f

Get in on this viral marvel and start spreading that buzz! Buzzy was made for all up and coming modern publishers & magazines!

Fb. In. Tw. Be.

Donate Now            Our Story           Our Team            Contact Us             Shop

Remaining positive about our bodies and keeping our head above the water of diet culture is a constant struggle.

[Content Note: This article will discuss the use of the word “diet” in both a general sense and a restriction sense. The point of this post is to help dismantle diet culture and educate those on the effects of it. I understand if just reading the word is triggering for some folx. Please take care of yourself.] When a doctor asks you about your diet they mean, of course, what foods you consume to keep you alive. Unless you’ve told them that you’re dieting, they generally don’t mean the restriction of calories and foods that your body needs (until of course, they do meant that). This is probably the most neutral manner in which we use this word and it’s still triggering and violent. The word diet needs to be stricken from our vocabulary until we’ve moved beyond diet culture as a society. Diet in the most neutral terms means just the food you eat. “My diet consists of meats, veggies, fruits, and grains,” for example or “I’m trying to maintain a vegan diet”. This is however, not how we use the word most often. The vast majority of the time when we speak of diet, we are talking about dieting. “How’s your diet going? Did you try this new diet? I’m on a new diet!” are all common phrases that we hear all around us in our everyday lives. Which is why if someone asks you how your diet is and they legitimately mean “are you getting enough nutrients” most of us make the immediate association to “are you restricting enough?” Diet is a weighted word that has come to mean, by and large, the act of dieting and food restriction. Even in body positive, no-diet talk spaces, using the word diet to speak of food choices colors all further conversation with the idea of restriction and all that comes with it. Well meaning suggestions are suddenly suspect and in the back of our mind we hear that programmed, little voice that is telling us that whatever we’re eating, it’s too much, it’s not right. Kicking up this mental storm causes us to fall back into the same habits that diet culture supports. What Sonya Renee Taylor in her book, The Body Is Not An Apology calls the “Body-Shame Profit Complex (BSPC)” which speaks of how shame is used against us but is also the same mechanism as diet culture that sets the stage for companies to profit from out our self-hate. It is also a tool that keeps people, especially femme presenting people, oppressed. This doesn’t mean that it doesn’t have a negative effect on masculine folx, because it does, it is just that it is marketed much more heavily to femme folx.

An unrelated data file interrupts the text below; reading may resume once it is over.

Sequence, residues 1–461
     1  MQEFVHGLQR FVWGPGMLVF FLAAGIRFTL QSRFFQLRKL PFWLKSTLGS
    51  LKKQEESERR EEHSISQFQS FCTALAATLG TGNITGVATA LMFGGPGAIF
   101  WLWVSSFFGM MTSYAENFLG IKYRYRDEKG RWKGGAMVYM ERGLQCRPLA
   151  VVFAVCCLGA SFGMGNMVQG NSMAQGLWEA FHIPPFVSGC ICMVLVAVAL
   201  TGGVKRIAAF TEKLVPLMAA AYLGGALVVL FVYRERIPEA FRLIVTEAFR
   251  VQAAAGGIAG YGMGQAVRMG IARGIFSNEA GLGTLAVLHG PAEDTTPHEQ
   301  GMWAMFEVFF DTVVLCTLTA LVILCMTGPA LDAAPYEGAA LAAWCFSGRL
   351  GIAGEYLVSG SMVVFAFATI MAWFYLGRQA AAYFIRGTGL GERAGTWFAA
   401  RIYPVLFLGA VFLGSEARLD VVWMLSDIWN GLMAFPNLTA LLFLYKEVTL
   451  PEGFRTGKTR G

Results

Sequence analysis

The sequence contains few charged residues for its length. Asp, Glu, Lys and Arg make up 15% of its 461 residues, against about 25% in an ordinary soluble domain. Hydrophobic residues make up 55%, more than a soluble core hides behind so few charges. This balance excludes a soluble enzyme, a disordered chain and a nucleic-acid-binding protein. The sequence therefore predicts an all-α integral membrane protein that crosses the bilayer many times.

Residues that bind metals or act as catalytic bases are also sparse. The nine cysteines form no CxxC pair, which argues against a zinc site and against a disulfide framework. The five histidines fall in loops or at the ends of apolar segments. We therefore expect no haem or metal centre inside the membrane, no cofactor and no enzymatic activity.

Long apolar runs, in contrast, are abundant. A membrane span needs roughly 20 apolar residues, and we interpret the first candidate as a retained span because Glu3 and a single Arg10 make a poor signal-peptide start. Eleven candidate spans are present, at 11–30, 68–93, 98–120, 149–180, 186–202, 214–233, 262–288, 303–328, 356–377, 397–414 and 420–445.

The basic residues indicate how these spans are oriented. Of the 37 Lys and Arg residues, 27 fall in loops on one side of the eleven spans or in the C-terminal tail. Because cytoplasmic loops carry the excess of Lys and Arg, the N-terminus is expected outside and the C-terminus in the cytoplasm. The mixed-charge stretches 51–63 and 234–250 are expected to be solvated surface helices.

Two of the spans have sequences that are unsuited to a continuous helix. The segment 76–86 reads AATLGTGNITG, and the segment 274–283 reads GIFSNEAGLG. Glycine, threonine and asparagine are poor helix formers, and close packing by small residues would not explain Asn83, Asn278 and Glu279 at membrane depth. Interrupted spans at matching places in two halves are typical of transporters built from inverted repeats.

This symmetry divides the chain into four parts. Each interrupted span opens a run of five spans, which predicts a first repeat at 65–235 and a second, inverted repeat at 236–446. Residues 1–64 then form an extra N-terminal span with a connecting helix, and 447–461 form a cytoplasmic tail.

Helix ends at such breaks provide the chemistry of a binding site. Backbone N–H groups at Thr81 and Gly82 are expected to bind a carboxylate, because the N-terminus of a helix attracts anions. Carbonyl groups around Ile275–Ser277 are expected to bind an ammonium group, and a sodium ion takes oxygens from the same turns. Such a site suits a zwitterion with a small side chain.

Related: 5 WAYS EATING DISORDER SURVIVORS CAN COPE WHEN OTHERS DISCUSS THEIR DIETS

Give people of color space to care for themselves, deal with the hurdles life provides, and to generally live their goddamn lives compared to exerting the constant pressure of joining a movement that, so far, doesn’t seem to care about them.

By Gloria Oladipo Brace yourself: I am proud vegan. But, not that proud. While I recognize and appreciate the value of veganism in a world rampant with increased health ailments and environmental crises, veganism remains a fairly inaccessible and ‘white’ movement. An introspective veganism movement, one with a more inclusive focus, is critical. It will be hard to reform veganism, but it can be done. Many tangible efforts can be made to create a more encompassing veganism movement for all: 

Cooking “cultural” vegan food

For many cultures, meat tends to be a prominent ingredient. This can make efforts to reduce people’s reliance on meat seem an appropriation of ethnic recipes. To counteract this, it’s important that trying to “veganize” ethnic recipes comes from people of that ethnicity compared to white vegans trying to “spread the good word”. For example, there are clear differences between a white-owned vegan soul food restaurant opening up in Harlem compared to a black-owned version opening up in Chicago’s Southside: one is a classic case of “culture vultures” while the other is a move towards a more sustainable and healthy way of eating supported by community members. Additionally, it is key to remind people who talk about the cultural centricity of meat that non-meat eating cultures do exist. Jainism, an ancient religion from India focused on harmlessness as a means of liberation, Hinduism, and Buddhism are just a few groups that don’t eat meat and instead promote plant-based diets.

Making produce more accessible

A major tenet of veganism is a renewed focus on a plant-based. However, for those who live in a food desert, an occurrence that happens in mostly minority communities, constantly buying fruits and vegetables can be near impossible. It is important that vegans take an active interest in trying to make produce more accessible by supporting community gardens and encouraging similar initiatives. Groups such as Growing Power, a nonprofit based in Milwaukee, WI with an active Chicago office, has started many programs in Chicago that bring gardening into vulnerable communities and engage residents in the growing and buying process. Growing Power and groups like it are always looking for volunteers and funding — needs that vegans can and should meet.
Related: PART ONE: BLACK-OWNED URBAN FARMS IN ATLANTA

You don't have permission to register